The Case Volume Issue in Head and Neck Oncology
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In the past few years, several evidences reported better outcomes, in terms of reduced toxicities and longer survival, for head and neck cancer (HNC) patients when “regionalized,” namely if they are managed at “high-volume” cancer referral centers (CRC). The benefit of case volume has been demonstrated in HNC patients primarily treated with surgery and in those receiving curative radiotherapy and chemotherapy. Many factors could explain these positive results: organization, facilities, processes of care, quality assurance programs, professional expertise, technology, and patient referral bias. In other words, the “high volume” could be linked both to all hospital-related volume and to the expertise of each involved professional figure (e.g., surgeon, radiation oncologist, medical oncologist, etc.). In this context, it is still debatable whether there is a need to understand which one of these factors is more able to influence the final outcomes of HNC patients. Considering the complexity and heterogeneity of HNC, all of these aspects are likely to impact and plot each other. However, there is no consensus regarding the criteria and the cut-off used to define as “high” the case volume. Moreover, some limitations or biases of the regionalization process have to be highlighted: (1) personal and financial discomfort of patients, their caregivers, and families; (2) a frequent referral of the healthiest or youngest patients to CRC could change the survival outcomes; (3) potential higher difficulties for colleagues working outside of CRC in the emergency. Nevertheless, the case volume represents one of the factors impacting on the quality of the treatment itself, in terms of reduced toxicity and better treatment outcome. Therefore, it should be considered as a stratifying factor in randomized controlled trials for HNC patients.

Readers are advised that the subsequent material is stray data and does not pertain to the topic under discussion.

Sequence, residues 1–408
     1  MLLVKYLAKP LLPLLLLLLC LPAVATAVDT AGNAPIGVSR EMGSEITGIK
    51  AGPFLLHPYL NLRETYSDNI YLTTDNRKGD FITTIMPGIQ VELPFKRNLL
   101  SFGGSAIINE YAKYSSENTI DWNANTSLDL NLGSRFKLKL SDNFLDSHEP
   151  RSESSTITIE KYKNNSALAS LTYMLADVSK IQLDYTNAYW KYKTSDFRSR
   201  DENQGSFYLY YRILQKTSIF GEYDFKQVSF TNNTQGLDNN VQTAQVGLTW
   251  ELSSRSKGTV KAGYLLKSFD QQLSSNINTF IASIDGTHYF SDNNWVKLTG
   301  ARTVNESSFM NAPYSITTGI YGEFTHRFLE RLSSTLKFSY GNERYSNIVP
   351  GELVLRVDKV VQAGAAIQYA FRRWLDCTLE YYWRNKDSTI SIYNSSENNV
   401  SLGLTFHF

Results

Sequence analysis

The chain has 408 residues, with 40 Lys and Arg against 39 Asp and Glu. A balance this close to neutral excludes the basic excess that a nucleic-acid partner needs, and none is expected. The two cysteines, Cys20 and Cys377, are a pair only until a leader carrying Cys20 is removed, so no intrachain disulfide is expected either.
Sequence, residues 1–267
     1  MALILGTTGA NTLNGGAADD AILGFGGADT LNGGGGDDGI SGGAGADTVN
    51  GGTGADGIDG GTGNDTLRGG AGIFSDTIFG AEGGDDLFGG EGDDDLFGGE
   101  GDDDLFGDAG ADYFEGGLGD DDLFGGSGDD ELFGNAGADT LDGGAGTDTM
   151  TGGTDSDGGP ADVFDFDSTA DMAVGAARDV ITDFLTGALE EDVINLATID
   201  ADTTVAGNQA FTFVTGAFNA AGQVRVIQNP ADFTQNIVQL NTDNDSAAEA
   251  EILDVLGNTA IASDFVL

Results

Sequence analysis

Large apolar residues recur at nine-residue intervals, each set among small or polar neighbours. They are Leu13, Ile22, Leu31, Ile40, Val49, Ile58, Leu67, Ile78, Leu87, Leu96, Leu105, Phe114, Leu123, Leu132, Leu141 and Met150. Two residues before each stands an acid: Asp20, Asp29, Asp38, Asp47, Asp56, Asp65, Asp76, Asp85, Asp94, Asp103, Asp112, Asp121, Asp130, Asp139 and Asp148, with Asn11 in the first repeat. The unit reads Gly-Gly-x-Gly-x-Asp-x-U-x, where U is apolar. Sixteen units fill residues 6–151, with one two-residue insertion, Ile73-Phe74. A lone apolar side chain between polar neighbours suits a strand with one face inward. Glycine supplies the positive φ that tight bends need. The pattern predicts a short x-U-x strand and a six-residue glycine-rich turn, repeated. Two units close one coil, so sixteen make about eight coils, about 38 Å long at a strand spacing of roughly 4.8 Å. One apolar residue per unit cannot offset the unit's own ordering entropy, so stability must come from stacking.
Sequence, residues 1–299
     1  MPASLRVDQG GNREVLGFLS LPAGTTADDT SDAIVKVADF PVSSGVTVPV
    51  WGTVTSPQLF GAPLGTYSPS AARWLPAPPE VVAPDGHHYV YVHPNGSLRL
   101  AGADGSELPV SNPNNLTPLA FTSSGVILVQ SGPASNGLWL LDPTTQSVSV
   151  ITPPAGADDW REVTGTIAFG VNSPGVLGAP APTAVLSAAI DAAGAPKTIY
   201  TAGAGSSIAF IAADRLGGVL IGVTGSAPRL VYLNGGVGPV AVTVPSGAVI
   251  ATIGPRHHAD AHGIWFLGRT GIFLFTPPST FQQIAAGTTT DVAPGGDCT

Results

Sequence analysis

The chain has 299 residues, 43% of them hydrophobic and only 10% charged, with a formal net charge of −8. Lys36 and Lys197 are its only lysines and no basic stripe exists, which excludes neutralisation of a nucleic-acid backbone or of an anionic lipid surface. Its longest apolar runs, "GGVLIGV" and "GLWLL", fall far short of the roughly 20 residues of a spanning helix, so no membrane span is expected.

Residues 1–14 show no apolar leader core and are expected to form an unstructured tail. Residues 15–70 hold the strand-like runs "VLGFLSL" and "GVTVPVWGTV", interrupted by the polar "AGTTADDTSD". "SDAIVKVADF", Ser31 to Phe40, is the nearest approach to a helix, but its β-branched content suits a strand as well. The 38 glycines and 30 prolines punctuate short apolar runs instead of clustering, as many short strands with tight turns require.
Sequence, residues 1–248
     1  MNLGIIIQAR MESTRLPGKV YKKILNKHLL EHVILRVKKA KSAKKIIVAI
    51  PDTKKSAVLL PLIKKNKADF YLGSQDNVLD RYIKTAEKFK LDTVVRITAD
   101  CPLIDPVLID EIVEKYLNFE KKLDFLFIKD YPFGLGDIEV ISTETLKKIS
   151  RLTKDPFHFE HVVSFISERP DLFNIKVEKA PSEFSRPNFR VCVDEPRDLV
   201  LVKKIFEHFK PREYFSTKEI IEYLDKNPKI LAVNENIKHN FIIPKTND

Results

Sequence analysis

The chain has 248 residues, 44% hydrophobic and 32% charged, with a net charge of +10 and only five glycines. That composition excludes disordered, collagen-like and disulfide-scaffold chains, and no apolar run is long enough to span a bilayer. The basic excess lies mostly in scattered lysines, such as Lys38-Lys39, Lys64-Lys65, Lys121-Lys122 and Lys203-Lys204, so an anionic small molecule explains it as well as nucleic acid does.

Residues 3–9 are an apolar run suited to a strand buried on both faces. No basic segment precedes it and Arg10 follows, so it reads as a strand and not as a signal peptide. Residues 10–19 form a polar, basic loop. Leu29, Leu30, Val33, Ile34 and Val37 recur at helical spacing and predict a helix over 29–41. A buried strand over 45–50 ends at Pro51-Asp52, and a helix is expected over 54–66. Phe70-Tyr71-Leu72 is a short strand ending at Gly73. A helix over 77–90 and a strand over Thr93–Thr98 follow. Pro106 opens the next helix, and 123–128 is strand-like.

KeywordsHead and neck cancer Case volume Surgery Chemotherapy Radiation
Compliance with Ethical Standards
Conflict of Interest
Salvatore Alfieri declares that he has no conflict of interest.
Ester Orlandi declares that she has no conflict of interest.
Paolo Bossi has received research support through grants from Merck Serono and Molteni and has received compensation from Merck Serono, AstraZeneca, Kyowa Kirin, Roche, Molteni, and Mundipharma for service as a consultant.
Human and Animal Rights and Informed Consent
This article does not contain any studies with human or animal subjects performed by any of the authors.
References and Recommended Reading
Papers of particular interest, published recently, have been highlighted as: • Of importance •• Of major importance
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